Dunedin chef puts to sea to make ends meet

Olivia Richmond-Johnston and Alan Johnston in the garden of their B&B and restaurant, Lisburn...
Olivia Richmond-Johnston and Alan Johnston in the garden of their B&B and restaurant, Lisburn House, in Dunedin. Photo by Linda Robertson.
Faced with an increased B&B rates bill and the expense of maintaining a historic home, a Dunedin chef has opted to work on fishing boats in the Antarctic to make ends meet.

It was a Valentine's Day to remember for Olivia Richmond-Johnston, after she was reunited with her husband Alan Johnston, who had just spent the past three months in search of the Patagonian toothfish in Antarctic waters.

Alan Johnston during his time as cook on the vessel Janas while fishing for Patagonian toothfish...
Alan Johnston during his time as cook on the vessel Janas while fishing for Patagonian toothfish in Antarctic waters. Photo supplied.
The owners of Lisburn House - a 146-year-old Historic Places Trust category one historic home - said they were left contemplating their future following a dramatic change to their rates last year.

With their classification going from residential to commercial, rates went from $3600 to $9000.

In order to return to a residential classification the couple plan to close their five-table restaurant in May and were considering selling the property, which they have owned for the past decade.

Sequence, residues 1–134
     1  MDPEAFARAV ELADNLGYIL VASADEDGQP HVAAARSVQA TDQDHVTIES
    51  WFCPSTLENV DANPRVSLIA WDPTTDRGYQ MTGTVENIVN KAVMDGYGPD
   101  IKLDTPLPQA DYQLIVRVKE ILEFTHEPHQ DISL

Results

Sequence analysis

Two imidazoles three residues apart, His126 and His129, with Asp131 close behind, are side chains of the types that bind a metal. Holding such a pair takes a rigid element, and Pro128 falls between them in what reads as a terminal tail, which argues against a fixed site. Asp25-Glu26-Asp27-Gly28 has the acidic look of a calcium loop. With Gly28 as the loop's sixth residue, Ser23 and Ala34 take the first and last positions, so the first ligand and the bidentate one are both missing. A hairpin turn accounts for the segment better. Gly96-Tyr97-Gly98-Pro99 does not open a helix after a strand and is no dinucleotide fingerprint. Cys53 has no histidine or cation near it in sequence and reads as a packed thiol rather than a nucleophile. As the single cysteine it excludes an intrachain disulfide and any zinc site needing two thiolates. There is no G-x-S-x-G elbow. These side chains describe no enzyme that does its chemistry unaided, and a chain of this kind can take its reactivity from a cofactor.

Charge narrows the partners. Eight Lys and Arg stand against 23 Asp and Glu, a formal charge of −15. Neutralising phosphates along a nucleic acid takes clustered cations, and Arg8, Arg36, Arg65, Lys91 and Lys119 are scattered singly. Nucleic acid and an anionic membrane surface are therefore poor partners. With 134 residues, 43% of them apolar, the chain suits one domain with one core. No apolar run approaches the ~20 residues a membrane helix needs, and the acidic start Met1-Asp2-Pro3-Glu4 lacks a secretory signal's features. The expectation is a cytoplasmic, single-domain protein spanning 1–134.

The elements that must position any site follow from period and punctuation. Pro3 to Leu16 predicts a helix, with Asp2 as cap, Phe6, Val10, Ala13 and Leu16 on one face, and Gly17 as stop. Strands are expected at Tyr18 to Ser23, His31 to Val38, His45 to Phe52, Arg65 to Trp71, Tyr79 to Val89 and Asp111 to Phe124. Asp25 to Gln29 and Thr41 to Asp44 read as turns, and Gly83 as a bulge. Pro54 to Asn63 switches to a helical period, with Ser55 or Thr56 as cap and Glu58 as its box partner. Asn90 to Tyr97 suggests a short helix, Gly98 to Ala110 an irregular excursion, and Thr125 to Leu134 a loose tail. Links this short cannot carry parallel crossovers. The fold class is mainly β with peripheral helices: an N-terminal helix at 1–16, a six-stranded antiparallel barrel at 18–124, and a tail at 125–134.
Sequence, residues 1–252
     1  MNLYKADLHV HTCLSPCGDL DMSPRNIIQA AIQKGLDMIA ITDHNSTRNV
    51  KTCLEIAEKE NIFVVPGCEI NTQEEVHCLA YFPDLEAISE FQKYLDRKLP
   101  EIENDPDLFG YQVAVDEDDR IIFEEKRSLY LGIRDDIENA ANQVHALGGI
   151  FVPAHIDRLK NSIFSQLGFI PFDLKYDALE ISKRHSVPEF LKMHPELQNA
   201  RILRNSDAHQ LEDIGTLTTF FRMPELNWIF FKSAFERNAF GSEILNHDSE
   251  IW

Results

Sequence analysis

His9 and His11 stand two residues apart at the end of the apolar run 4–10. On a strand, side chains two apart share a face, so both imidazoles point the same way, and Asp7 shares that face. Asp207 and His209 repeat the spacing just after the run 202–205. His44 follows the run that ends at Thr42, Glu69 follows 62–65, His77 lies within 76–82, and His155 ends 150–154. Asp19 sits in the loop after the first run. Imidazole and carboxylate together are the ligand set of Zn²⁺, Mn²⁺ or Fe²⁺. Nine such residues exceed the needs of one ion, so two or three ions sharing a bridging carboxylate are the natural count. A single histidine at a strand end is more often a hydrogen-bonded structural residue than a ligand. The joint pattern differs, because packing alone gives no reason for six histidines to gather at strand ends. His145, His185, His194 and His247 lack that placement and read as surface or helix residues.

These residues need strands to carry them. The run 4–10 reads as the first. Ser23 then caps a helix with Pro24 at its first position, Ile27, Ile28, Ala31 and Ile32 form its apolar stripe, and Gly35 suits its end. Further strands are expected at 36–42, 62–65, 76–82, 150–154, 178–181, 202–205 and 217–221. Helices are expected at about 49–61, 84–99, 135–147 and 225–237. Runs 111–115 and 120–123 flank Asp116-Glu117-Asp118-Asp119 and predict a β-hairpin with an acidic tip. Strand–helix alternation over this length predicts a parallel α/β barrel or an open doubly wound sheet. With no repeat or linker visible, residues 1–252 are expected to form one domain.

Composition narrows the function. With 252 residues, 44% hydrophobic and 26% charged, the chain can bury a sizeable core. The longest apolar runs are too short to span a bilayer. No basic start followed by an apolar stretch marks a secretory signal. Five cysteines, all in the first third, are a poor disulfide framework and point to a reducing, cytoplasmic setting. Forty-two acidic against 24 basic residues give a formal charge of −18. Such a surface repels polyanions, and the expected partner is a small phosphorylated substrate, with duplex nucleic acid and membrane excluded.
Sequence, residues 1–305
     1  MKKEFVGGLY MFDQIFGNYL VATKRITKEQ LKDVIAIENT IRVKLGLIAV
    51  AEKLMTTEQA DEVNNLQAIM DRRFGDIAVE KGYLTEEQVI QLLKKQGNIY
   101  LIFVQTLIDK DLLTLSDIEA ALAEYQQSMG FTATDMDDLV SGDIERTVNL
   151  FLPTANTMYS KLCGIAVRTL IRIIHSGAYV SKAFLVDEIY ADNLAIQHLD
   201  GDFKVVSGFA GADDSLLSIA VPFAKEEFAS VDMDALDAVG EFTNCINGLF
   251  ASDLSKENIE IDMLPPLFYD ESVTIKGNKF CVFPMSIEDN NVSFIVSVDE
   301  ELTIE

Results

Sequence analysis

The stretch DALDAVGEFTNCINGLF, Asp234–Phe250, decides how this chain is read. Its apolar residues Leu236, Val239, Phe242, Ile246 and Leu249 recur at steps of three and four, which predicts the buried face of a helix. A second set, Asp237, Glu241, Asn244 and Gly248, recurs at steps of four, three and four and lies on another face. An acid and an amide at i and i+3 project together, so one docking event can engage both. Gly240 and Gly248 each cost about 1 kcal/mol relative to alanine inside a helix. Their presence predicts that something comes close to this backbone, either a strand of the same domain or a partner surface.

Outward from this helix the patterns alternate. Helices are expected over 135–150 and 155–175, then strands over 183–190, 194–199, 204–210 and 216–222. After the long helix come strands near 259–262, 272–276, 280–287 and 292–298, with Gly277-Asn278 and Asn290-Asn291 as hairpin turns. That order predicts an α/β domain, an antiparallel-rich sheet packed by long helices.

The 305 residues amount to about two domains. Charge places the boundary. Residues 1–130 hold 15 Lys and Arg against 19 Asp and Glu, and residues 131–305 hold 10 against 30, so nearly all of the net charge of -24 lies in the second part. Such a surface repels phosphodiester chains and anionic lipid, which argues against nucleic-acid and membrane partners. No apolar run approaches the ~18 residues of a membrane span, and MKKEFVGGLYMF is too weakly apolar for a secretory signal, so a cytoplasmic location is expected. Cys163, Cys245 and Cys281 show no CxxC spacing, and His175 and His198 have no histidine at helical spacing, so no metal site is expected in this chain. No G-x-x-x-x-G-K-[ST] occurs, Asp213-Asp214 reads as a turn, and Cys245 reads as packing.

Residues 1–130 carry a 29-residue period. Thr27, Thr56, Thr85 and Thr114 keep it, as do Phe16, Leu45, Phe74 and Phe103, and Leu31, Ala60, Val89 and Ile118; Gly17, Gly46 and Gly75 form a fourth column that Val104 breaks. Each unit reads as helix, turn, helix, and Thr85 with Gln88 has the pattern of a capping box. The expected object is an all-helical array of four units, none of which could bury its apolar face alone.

"This business has been very successful, but we just can't sustain that sort of increase," Mrs Richmond-Johnston said.

The couple were also anticipating their insurance costs would increase following a review in the aftermath of the Canterbury earthquake.

In November, Mr Johnston accepted an offer to cook on New Zealand longline vessel Janas, so the couple could pay their rates, mortgage, and meet the continual costs of living in a historic home.

Mr Johnston said he was last on a fishing vessel as a 17-year-old galley hand based out of Dunedin, and it was an "amazing" experience to return nearly three decades later and witness whales, penguins and colossal squid in the Antarctic.

Changing from being an a la carte chef at the couple's B&B, to cooking for 22 crew was a "different" experience, with simple home cooking preferred over any culinary flourishes.

Mr Johnston said he soon found his sea legs, and became used to rising at 2.30am to cook breakfasts, but cooking in heavy swells was a daily challenge.

"I lost count of how many times I burnt myself."

A chilling reminder of the dangers at sea occurred late last year when his vessel went to the assistance of a Korean deep sea fishing vessel and he saw floating lifejackets still in their plastic wrappers.

Twenty-two crew from Korea, China, Indonesia, Vietnam, the Philippines and Russia died when their vessel sank in calm conditions.

Despite the difficulties of the couple being separated, particularly over the peak period for the B&B, Mr Johnston left again yesterday on another two-month fishing trip.

"I started my career at sea and I think I will finish it at sea," he said.


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